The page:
Honors Thesis Spotlight: Integration of Refugees in the Labor Market: Effects of 2017 Immigration Policy

In 2015, millions of families sought refuge from their home countries that contained violence. These families fled to developed nations like the United States, Canada, and other European countries. This surge of migration became known as the “Migrant Crisis” and caused refugee migration and immigration policies to expand with the flux of migration. Some of these policies included preventing or deferring migrants from entering the border of the country where they sought safety. One such policy in the US was the “Protecting the Nation from Foreign Terrorist Entry into the United States” from the Trump administration in 2017, which influenced the number and demographic of migrants seeking safety in the United States. Molly McQueeney used the difference-in-difference analysis to assess the effects of immigration policy on refugees’ wages and employment results. By utilizing “data from the 2016 and 2018 5-Year American Community Survey and the USCIS Yearbook of Immigration Statistics, this study found that overall, refugees experience lower wages, and lower educational premiums than their native counterparts” (1). Despite these results, the data did show that male refugee wages increased from 2016 to 2018 than natives’ wages; and that both female and male refugees had higher growth in employment than natives within this period. McQueeney stated that further research should use the same model, but compared to two different refugee communities than natives.

A refugee is someone who is forced to flee their home country because of persecution or violence, and refugees differ from standard immigration policy since they had little choice in where they are migrating to. The United States is known for accepting refugees and having a high rate of resettlement, but this poses a challenge for the resettlement communities. Since the “Migrant Crisis”, governments were forced to analyze resettlement strategies as waves of refugees were being admitted into their countries. The refugee resettlement policy changed drastically in 2017 in the US because of policies like “Protecting the Nation from Foreign Terrorist Entry into the United States,” which restricted the number of refugees admitted. This policy limited the number of refugees from 110,000 to 50,000, placed a ban on Syrian refugees, and restricted refugees from other Muslim countries. One of the defining issues with immigration is that resettled migrants have a challenge with integration into the workforce. Many refugees have work skills that are transferable in the US and are competitive in the workforce, but many “many experience language barriers, cultural barriers, and discrimination that can impact their ability to receive comparable employment and income relative to native workers” (6). In addition, the US requires that a refugee must be able to be financially independent three months after resettlement, which emphasizes the importance of employment and have a successful migration. McQueeney aims to analyze if the recent immigration policies have affected “labor market outcomes” (6) for immigrants by measuring the employment and wage rates in the 2016-2018 period.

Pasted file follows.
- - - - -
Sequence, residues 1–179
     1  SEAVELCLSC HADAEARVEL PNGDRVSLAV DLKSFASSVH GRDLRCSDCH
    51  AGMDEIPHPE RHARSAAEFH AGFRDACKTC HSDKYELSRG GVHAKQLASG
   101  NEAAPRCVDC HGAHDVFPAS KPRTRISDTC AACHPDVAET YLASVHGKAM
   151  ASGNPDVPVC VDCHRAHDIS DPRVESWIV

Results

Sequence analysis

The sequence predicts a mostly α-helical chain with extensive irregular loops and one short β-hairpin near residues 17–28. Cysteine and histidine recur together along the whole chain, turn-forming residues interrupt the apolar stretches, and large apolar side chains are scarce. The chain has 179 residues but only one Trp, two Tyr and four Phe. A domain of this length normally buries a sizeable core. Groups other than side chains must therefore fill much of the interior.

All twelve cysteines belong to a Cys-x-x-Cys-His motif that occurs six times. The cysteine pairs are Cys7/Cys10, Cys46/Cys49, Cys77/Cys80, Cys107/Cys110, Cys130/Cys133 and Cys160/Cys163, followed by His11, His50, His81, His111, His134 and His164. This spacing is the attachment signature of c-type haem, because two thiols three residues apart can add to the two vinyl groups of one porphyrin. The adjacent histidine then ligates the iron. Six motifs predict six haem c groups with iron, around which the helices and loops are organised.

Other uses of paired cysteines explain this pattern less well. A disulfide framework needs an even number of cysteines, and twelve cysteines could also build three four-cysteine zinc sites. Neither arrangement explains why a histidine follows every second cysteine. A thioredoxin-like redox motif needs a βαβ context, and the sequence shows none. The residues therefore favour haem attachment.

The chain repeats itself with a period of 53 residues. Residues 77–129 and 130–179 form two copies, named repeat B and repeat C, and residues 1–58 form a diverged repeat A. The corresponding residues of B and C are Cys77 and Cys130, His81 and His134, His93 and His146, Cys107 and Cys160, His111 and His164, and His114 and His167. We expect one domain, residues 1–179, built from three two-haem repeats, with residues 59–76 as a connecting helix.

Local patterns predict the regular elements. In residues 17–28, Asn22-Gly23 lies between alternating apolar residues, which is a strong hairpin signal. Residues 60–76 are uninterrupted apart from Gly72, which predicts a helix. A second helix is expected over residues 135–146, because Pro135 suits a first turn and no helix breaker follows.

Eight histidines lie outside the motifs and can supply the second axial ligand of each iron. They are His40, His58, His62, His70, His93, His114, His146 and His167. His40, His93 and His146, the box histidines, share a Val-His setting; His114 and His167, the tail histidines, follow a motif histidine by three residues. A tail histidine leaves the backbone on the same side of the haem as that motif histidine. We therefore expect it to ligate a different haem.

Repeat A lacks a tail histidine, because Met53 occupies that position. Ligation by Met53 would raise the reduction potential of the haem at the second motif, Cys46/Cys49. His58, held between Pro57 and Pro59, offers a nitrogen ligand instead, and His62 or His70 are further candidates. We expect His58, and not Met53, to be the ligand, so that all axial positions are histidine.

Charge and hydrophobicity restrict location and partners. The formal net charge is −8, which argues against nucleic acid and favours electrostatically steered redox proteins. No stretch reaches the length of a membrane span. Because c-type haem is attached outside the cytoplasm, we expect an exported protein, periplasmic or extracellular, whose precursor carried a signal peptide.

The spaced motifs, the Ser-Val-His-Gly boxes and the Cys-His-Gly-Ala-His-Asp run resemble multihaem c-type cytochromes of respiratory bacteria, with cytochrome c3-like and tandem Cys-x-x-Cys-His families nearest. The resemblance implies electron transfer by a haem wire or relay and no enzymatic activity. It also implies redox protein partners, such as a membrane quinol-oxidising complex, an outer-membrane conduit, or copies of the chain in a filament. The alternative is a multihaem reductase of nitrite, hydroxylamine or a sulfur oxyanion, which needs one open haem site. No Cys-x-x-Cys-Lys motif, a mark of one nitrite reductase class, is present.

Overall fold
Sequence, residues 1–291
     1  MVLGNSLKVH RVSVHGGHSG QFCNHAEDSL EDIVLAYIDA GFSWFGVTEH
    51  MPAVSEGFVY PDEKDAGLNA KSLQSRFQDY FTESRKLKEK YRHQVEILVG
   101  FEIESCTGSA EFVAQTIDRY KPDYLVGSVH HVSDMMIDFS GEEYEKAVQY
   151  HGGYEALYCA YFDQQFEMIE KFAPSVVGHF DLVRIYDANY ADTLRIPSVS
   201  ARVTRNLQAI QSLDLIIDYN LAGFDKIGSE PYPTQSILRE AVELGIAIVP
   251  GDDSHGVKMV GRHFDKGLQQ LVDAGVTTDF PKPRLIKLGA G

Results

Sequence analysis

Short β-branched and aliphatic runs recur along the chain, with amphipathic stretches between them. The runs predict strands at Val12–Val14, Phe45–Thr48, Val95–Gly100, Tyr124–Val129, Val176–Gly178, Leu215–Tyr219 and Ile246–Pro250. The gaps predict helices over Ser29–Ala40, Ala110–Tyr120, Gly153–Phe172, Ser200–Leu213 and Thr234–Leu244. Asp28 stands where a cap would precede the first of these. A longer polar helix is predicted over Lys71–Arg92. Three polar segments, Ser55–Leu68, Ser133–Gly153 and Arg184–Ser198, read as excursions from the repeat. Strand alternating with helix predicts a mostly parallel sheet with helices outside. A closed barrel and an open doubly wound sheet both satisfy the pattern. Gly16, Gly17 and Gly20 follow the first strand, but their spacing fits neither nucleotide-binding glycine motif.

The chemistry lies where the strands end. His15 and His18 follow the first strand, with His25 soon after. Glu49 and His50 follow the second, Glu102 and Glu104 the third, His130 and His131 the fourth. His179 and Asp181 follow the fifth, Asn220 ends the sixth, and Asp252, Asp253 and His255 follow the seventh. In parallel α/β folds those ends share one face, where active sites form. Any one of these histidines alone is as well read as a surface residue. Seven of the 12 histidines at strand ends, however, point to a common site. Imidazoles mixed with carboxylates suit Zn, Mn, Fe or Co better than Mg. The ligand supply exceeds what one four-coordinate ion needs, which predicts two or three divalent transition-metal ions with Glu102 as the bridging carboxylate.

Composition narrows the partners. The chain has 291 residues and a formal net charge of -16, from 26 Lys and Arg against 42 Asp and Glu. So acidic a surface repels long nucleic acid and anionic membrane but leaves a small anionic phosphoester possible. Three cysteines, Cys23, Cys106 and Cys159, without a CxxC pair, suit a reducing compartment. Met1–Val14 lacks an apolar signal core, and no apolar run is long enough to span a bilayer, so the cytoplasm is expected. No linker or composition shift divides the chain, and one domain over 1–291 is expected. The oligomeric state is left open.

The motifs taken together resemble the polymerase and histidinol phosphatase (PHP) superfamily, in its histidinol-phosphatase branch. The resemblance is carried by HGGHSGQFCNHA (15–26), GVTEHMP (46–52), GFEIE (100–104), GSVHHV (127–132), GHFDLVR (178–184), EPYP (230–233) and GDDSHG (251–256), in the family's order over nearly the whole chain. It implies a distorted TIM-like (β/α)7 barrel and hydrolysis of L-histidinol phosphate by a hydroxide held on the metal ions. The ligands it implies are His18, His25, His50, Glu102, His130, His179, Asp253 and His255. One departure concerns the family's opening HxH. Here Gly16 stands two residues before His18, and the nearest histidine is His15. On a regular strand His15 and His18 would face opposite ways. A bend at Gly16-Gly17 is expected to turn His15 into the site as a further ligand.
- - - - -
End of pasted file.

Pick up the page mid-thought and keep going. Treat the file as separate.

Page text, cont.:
McQueeney found that “the executive order, “Protecting the Nation from Foreign Terrorist Entry into the United States” impacted refugee communities throughout the U.S. by decreasing the admissions ceiling and altering the demographics of refugee communities across the country” (43). Refugees’ wages and employment were significantly changed by this policy. From the difference-in-difference model, male refugees experienced an 11.5 percent wage increase compared to their native counterparts, and both male and female refugees experience a 3.5 percent increase in employment. McQueeney infers that this is due to a decrease in competition from a limitation of the number of refugees admitted in 2017.

Molly McQueeney is a graduate of the College of Social Sciences and Public Policy at Florida State University. This post was based on Molly’s honors thesis, written by COSSPP Blog Intern, Lindsey Anderson.

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